flayed and fly-eyed

Above, vignette for Maze of Blood.

The last of the full-page images for Marly Youmans’ new novel, Maze of Blood, has been completed. Here it is, followed by the full set of images and the cover. So richly rewarding is Marly’s text, that I could have made fifty illustrations from it, but six must suffice. It is not a text that requires images, but it has been a wonderful experience to explore the novel, and to produce decorations for it. Maze of Blood is due out in September this year.

The front cover

11 thoughts on “flayed and fly-eyed

  1. Still playing catch-up on all the entries I missed…

    Clives to-do list:

    Produce another set of instantly iconic book images – Check!

    (one down, only ninety nine other things still to go 🙂 )

  2. Dear Clive and Marly, As you know I think of Marly as creating modern-day classics, and your partnership through the previous books (all of which I own and cherish) has made for a collection that glows when one stands in the vicinity of that bookshelf in my library. All of the books sit easily among the classic book illustrations from the past that we all admire. I really think you have reached a new realm with this group! The images ARE classic. Pure responses that reach so deeply into Marly’s words but with such simplicity (despite the complexity of the images). Mythic, scary, hypnotic, psychological, whimsical, challenging. Bravo Clive and as always Brava dear Marly for inspiring Clive, and me, and your readers who cherish your masterly work.

  3. Bravo, Clive! You are the maestro, what an ending! Although I believe you have the vignettes to complete yet. I love the way you have flayed back the skin, in harmony I presume, with subtle meanings in the novel. It’s interesting that you have read it , not in the ordinary way as we the readers will, but by getting into it’s soul. It appears to be a most intimate partnership, and extremely satisfying for Marly to know that her offspring is so well understood and interpreted.xxL

    • Thank you, Liz. It means a lot to me that you understand at such a deep level what it is I try to do when working with Marly to produce a book.

      I’m often reading e-manuscripts at times when she’s still working on them, and I think it does have the effect of making the entire experience more visceral and analytical for me, because I’m witness to the processes of creativity, rather than just coming in at the tail-end when everything has been decided. It’s not that I play any part in the refining… I don’t offer observations at those stages… but early access to a manuscript undoubtedly helps me understand it at a deeper level.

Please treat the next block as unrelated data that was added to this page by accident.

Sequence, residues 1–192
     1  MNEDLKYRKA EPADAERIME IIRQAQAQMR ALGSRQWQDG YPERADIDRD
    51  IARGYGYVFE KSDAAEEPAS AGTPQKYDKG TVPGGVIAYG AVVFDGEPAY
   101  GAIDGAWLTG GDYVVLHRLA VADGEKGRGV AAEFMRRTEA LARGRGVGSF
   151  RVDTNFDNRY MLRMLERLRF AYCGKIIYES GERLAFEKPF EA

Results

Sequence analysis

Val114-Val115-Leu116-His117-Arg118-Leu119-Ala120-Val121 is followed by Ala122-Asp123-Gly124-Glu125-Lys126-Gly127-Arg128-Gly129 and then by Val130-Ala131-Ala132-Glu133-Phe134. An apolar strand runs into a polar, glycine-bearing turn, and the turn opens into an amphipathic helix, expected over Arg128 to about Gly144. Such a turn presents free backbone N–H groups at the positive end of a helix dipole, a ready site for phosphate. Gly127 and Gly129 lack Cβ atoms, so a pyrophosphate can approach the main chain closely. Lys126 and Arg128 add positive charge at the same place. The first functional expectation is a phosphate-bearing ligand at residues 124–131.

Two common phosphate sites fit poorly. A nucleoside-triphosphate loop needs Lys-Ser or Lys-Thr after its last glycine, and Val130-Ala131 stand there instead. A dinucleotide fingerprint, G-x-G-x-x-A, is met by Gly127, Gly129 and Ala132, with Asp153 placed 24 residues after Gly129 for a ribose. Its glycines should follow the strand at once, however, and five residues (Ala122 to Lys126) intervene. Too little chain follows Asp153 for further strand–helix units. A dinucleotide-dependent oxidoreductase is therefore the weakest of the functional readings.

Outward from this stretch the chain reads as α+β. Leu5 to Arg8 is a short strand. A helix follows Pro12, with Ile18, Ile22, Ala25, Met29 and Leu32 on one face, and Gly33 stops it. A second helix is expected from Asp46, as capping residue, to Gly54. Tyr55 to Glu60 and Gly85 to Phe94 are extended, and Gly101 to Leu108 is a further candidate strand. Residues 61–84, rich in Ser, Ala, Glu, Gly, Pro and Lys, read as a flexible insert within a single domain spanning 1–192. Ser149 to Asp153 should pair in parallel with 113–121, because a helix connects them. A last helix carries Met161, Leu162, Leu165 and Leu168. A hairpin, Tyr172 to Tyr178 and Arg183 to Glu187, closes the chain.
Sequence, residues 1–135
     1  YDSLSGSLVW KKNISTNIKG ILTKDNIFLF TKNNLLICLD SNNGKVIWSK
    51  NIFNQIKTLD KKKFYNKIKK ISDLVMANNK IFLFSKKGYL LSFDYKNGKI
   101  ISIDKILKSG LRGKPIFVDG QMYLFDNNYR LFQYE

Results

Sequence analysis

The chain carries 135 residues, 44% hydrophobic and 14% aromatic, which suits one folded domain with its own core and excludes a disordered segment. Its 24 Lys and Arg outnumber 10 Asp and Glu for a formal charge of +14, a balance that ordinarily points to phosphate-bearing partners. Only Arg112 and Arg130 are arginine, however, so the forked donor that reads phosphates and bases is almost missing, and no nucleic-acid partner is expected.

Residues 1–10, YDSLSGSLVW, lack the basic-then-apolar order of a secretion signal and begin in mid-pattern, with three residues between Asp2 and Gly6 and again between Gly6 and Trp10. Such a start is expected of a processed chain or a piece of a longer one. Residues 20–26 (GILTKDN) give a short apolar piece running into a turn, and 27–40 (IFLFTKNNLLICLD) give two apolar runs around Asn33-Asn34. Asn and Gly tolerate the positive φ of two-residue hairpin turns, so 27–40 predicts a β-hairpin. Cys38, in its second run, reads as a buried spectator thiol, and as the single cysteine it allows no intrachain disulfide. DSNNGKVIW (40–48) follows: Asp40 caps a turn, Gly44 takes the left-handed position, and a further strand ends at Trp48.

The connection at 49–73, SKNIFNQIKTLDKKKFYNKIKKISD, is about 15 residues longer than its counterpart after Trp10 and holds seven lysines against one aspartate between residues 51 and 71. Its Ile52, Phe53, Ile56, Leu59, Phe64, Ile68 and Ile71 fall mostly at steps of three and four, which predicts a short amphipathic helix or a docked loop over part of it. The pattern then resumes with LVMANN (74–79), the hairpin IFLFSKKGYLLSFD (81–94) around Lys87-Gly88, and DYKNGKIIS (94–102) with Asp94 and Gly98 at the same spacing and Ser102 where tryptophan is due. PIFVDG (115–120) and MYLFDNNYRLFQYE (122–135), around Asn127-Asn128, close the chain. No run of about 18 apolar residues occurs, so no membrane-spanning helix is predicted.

Marly always leaves me be, so that I can process the material in my own way, though she’s there when I need clarification. She doesn’t necessarily see what I’m doing, unless I post publicly about it. It’s an incredibly trusting relationship.

      Although the six drawings for Maze of Blood codify aspects of the novel, I didn’t make them in the knowledge of which would go where regarding the six divisions. When completed, I passed them to Marly for her to decide. There were any number of variations of placement that could have worked, and I enjoyed watching her come to her conclusions.

      This is the second book we have done together at Mercer University Press, though we worked in the same way on Thaliad for Phoenica Publishing, and on The Foliate Head for Stanza Poetry. It helps that Marly chooses to work with small publishing houses, and with editors who allow her to bring me to the projects. In the business of producing commercial editions, by paying so much attention to the appearance of the books and having decorations throughout, we bring something of the ethos of the ‘private press’ to the business of making commercial editions. But the reality is that small publishing houses never have the budgets to pay for the page images we like to use, and so I’m reliant on being able to sell the drawings/collages at exhibitions to get some revenue from them. Unlike in the old days, when illustrations were bundled up and physically delivered to the publishers, in this digital age they never leave my studio. They are photographed and dispatched as Tifs to the designers, via file-sharing services.

      Interestingly, I don’t think I’ve made any books for Marly that haven’t impacted and brought changes to my easel work. Because each book is a creative encounter/collaboration with a writer I deeply admire, what I discover along the way invariably continues into my practice as a painter.

      I only produced three vignettes, one of which is at the top of this post, though designer Mary-Frances Glover Burt may well extrapolate elements from the six larger drawings to make a few more.

      • It’s certainly the case that it has never felt effortful. Of course I always come late to the process, when the inspiration is all there, just waiting for me to hoover it up and turn it into imagery. All I do is turn up and feast on the glorious Marly-banquet provided! (-;

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